Plus, the Home itself might not need to sound better than the Echo to be a better music hub. You can use it to command the Chromecast Audio streamer you have plugged into your speaker, the Chromecast video streamer plugged into your TV or any Google Cast-enabled speaker. You can send YouTube videos or your pictures to your TV -- as long as you specify which TV to play them on. (You need to say the name of your Chromecast aloud.) You'll soon be able to launch Netflix and control it with Home.

Or say the word, and your favorite song will pour out of your own audio setup, and even better, you can sync the Home and any of those Chromecast devices for whole home audio.


Only the Home that hears you best will respond.

James Martin/CNET

If you have multiple Google Homes, only the one that hears you best will respond to your voice commands to prevent overlap. That's another advantage Home has over the Amazon Echo, but that advantage might not last long, as Amazon's working on a similar upgrade. (You can also swap out the Home's interchangeable grey base for a snazzier color, though additional bases cost $20 each.)

You can use Amazon's platform to plug into your favorite speakers with the Dot, but Amazon doesn't have any way to sync multiple devices. Multidevice audio could be a big win for the Google Home, then, if it works as promised. And that's a pretty safe bet, since Chromecast audio can already stream to multiple speakers at once.

Connecting your home

Most exciting for me, though, is Google Home's potential as a smart-home control point. At launch, the Home will work with Nest, SmartThings, Philips Hue and IFTTT. You'll be able to set the thermostat, turn on the lights and control your SmartThings switches. Hopefully, you'll be able to create customized commands through IFTTT, as that'll open up all sorts of possibilities. When Alexa first launched an IFTTT channel, it only had prepackaged options, but custom commands are available now.

A single point of control that anyone in the family can command makes whole home smarts much more feasible than traditional smartphone controls. With a smartphone, you often have to wrangle multiple apps to control multiple devices, and giving access to your family is a whole other headache. When you have to jump through a bunch of hoops just so your significant other can turn off a light, the smart home doesn't feel so smart.

Google Home, then, might help usher this field of technology ripe with potential into the mainstream. The Echo laid out a handy road map for mastering this function. Amazon sought out a few big name integrations such as Philips, Lifx, IFTTT, Belkin, Ecobee -- even SmartThings and Nest. Then, the company opened up the API and invited developers to craft skills for the Echo on their own.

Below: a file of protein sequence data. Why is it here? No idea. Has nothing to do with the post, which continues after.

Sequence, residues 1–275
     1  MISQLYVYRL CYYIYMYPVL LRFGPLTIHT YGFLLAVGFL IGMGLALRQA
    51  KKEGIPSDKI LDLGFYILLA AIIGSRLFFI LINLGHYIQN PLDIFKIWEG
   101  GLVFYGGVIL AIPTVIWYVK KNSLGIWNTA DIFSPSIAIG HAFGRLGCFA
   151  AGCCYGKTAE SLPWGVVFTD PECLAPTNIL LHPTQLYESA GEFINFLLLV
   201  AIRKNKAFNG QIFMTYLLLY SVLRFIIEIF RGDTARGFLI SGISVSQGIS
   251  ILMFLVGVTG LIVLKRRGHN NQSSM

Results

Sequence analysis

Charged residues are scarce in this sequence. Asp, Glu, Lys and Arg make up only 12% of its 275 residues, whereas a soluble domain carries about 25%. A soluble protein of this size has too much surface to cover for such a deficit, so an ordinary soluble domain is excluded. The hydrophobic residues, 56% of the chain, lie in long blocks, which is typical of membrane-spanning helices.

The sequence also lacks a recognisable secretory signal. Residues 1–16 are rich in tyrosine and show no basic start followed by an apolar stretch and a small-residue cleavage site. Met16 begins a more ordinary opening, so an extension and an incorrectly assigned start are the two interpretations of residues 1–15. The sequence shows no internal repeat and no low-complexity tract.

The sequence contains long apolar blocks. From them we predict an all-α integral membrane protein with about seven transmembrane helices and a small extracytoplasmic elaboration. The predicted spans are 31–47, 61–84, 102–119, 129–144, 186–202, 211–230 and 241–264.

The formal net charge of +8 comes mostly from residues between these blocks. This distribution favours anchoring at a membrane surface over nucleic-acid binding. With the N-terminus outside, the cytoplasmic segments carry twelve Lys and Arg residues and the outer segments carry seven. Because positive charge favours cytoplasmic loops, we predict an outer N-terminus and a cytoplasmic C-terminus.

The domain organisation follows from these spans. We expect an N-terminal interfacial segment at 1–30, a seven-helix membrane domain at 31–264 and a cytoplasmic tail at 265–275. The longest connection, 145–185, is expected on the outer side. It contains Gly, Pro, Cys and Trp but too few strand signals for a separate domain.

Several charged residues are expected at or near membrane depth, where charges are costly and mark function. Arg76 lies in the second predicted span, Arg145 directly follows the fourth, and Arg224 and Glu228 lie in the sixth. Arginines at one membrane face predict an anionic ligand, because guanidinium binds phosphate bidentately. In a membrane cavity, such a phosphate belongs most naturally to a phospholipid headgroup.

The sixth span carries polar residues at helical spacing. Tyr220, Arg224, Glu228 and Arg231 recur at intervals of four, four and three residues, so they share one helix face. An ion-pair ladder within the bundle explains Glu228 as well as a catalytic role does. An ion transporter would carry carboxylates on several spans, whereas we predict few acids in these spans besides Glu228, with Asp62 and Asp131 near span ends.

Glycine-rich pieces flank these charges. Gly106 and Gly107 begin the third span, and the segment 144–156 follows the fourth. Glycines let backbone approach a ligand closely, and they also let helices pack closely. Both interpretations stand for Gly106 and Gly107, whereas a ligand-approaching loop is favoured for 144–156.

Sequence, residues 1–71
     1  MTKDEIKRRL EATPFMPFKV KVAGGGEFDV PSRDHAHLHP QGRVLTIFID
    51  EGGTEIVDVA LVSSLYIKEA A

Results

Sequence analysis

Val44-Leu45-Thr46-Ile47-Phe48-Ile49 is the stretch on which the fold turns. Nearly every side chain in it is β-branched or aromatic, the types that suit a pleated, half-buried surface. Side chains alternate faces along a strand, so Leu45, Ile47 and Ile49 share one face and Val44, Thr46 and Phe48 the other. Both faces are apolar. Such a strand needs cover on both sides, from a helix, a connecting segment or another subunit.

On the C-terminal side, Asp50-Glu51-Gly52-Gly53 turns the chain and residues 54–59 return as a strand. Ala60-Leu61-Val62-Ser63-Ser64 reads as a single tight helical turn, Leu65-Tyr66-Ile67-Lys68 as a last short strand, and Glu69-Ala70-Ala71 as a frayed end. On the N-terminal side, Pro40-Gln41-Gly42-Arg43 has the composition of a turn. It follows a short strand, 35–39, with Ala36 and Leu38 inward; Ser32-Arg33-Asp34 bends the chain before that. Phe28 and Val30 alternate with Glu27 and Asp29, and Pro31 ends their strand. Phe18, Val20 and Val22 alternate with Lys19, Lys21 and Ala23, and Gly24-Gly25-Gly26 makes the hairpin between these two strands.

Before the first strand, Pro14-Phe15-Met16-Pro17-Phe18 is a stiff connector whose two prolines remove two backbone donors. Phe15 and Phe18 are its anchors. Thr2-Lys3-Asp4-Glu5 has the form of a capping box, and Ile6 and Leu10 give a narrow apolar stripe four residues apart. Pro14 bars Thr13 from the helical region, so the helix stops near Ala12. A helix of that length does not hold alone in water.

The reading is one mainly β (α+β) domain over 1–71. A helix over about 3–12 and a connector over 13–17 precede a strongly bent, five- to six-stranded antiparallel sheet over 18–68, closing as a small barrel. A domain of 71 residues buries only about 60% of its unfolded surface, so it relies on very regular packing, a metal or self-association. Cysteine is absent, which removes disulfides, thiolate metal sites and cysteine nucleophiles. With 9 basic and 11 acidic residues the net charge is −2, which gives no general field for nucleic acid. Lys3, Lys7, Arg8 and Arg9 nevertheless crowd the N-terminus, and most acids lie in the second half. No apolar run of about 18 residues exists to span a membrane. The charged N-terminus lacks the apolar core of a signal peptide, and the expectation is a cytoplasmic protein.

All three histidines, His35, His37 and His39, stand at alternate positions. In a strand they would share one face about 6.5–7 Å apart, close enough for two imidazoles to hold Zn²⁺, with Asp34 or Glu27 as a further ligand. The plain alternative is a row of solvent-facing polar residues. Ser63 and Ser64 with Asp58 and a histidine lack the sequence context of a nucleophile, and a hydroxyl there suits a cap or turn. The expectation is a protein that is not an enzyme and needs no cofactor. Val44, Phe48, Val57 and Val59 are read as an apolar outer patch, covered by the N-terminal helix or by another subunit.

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As a result, Alexa's smart-home capabilities are robust. The Echo makes it easy for anyone in the family to control whatever device they'd like. Alexa's smart-home prowess is a big part of the reason we've liked the Echo and the Dot so much and why we've made them an integral part of the CNET Smart Home.

Google Home will have some catching up to do on this front, and that'll be a tall task, since Amazon adds more and more capabilities to the Echo seemingly every day. The Home will get one advantage right away from Philips Hue -- you'll be able to change the colors of Philips bulbs with a voice command. You can't do that with Alexa right now -- you can only turn bulbs on or off or dim them up or down.

No doubt Google can use the reputation of its brand to entice developers to expand its smart home capabilities further. And for those of us waiting for the smart home to come closer to fruition, a heated competition between Google and Amazon can only be a good thing.


The Home's $130 price significantly undercuts the $180 Echo, but Amazon just released a $50 version of its trimmed-down smart speaker -- the Amazon Echo Dot. The Dot has all the smarts of the Echo, and plugs into your own sound system. The Home itself won't be able to do that. You'll have to buy a separate $30 Chromecast Audio streamer, bringing the $160 total to over three times the price of the Echo Dot.

The Home, then, has its work cut out for it to oust Alexa from her place as the best smart-home assistant, especially given Alexa's robust catalog of capabilities. With the Home's ability to hold a conversation, sync to multiple devices, and leverage Google's brand and Works with Nest to build a smart-home platform, we could be in for a spectacular battle for smart speaker supremacy.

Check out all of today's Google news.

Update, 11:52 a.m. PT: Added hands-on video and impressions from CNET's Sean Hollister.